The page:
Chanar kofta is cottage cheese balls in rich gravy and is a must have with pulao. Echorer torkari is a raw Jackfruit curry. Echorer Dalna or raw jackfruit curry is also a top favourite, sumptuous dish. Radha ballavi is specially served in parties and occasions with Aloo dom.

The key taste profile of Bengali food is a complex yet delicate mix of bitter, sweet, and pungent. The dish that represents this profile in its entirety is - shukto. Traditionally, shukto is the starter to an elaborate Bengali meal, to cleanse the palate. It's little bitter due to bitter gourd. It also has other vegetables like drumsticks, brinjal, raw banana, potatoes and other seasonal vegetables and cooked in very little oil and spices.

Kanchkolar kofta is prepared with raw banana for cooking is a different variety than that for eating. Its a dumpling made with spices, boiled raw banana and potatoes. It's a rich gravy eaten traditionally with rice. It's also served in feasts.

Mochar ghonto is prepared with banana flowers and are made into dry curry with very little oil and spices. Labra is morning breakfast sabzi with ruti in many households and tastes divine with Khichuri. Sona muger Khichuri with moong dal is eaten with ghee and fries like brinjal and potatoes and is an item reserved for a rainy day.

Kumro chechki is made with ripe pumpkin and very little oil and spices. It's a common item to be eaten with rice, paratha, roti. Sim Paturi is prepared with broad beans wrapped in banana leaf with spices and mustard oil. It's pan fried in gas oven. Bandhakopir torkari is cabbage curry with peas with a hint of spice.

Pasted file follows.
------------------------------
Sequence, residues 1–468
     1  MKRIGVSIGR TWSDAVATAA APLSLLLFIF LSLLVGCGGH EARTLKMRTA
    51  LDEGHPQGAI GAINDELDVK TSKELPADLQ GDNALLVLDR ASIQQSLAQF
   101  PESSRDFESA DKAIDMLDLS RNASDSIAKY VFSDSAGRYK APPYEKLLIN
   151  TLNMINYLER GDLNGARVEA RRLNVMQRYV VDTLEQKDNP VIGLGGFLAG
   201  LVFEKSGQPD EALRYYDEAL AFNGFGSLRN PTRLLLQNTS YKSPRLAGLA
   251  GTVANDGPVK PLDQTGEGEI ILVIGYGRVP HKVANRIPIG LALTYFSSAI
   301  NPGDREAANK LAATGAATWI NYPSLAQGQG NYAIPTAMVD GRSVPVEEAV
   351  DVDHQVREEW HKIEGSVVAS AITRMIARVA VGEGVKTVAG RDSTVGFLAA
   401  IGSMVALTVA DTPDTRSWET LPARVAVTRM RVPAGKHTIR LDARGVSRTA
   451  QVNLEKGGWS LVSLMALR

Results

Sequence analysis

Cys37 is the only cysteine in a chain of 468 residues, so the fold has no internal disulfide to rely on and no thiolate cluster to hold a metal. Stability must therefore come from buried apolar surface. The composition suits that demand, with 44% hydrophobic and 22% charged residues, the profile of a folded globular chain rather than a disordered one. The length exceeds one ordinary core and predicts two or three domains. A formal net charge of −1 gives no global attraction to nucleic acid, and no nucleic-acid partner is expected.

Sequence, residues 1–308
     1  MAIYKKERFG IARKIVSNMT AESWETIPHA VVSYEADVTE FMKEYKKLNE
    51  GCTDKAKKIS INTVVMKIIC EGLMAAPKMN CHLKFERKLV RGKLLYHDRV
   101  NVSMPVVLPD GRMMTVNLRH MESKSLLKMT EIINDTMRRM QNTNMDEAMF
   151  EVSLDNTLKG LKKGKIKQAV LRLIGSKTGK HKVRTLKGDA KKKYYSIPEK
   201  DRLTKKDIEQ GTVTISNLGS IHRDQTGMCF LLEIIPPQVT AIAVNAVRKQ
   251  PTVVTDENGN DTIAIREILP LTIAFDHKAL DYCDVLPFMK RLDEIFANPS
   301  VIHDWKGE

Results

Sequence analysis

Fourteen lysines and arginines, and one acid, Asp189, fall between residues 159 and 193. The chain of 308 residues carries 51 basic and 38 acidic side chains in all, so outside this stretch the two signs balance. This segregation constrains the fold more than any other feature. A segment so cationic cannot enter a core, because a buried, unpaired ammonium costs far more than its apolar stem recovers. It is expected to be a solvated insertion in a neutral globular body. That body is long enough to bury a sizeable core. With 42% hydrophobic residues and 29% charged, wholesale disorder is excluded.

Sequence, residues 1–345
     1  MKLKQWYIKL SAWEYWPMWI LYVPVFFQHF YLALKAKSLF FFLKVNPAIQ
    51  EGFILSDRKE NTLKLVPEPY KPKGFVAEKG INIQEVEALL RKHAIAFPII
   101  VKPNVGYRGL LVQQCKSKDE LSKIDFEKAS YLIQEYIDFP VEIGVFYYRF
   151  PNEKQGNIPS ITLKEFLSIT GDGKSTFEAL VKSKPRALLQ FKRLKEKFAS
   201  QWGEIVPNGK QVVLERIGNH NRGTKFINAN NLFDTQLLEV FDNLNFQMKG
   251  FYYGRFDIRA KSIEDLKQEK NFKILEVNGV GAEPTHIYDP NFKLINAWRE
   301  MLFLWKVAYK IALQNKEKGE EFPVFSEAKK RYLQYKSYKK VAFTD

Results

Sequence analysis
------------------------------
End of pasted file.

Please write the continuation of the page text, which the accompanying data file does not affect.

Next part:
Pui Shak is added in a light curry with Malabar Spinach made with dal dumplings and vegetables. Kolmi shak or water spinach is a vegetable that grows in watery areas in Eastern States and North Eastern States of India. A Kolmi shak stir fry is a summer dish cooked with little oil, a clove of garlic and dry chilli. Bottle gourd leaves strew or lau shak curry is an everyday food in summer very little prepared with oil and spices.

Lau pata bata is very tasty and very few people know exactly how to make it. Thankuni pata bata or Indian Penny wort or Thankuni is an invasive species of herb found densely in Eastern and North Eastern States of India. It's eaten as a paste and has little minty flavour. People love Data Chorchori or drumsticks curry with mustard paste along with some other vegetables like potatoes, tomato, pumpkin etc.

Ash groud curry better known as chalkumror torkari is an everyday curry best to eat with rice or roti. Bengali tomato chutney is made with reasonable amount of dates and raisins. The list is endless.

Now comes Biryani. Though Hyderabadi Biryani maybe tasty and popular, but the Kolkata Biryani is pure love. The essence is the aloo present in the biryani and they also offer gravy along with the biryani.